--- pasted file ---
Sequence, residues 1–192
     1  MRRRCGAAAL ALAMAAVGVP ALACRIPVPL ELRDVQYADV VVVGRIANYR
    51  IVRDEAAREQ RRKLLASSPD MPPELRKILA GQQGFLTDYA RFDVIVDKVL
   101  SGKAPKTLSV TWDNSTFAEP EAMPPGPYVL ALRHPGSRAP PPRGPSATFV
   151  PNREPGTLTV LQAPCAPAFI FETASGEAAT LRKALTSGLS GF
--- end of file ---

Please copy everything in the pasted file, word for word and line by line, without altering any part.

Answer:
Sequence, residues 1–192
     1  MRRRCGAAAL ALAMAAVGVP ALACRIPVPL ELRDVQYADV VVVGRIANYR
    51  IVRDEAAREQ RRKLLASSPD MPPELRKILA GQQGFLTDYA RFDVIVDKVL
   101  SGKAPKTLSV TWDNSTFAEP EAMPPGPYVL ALRHPGSRAP PPRGPSATFV
   151  PNREPGTLTV LQAPCAPAFI FETASGEAAT LRKALTSGLS GF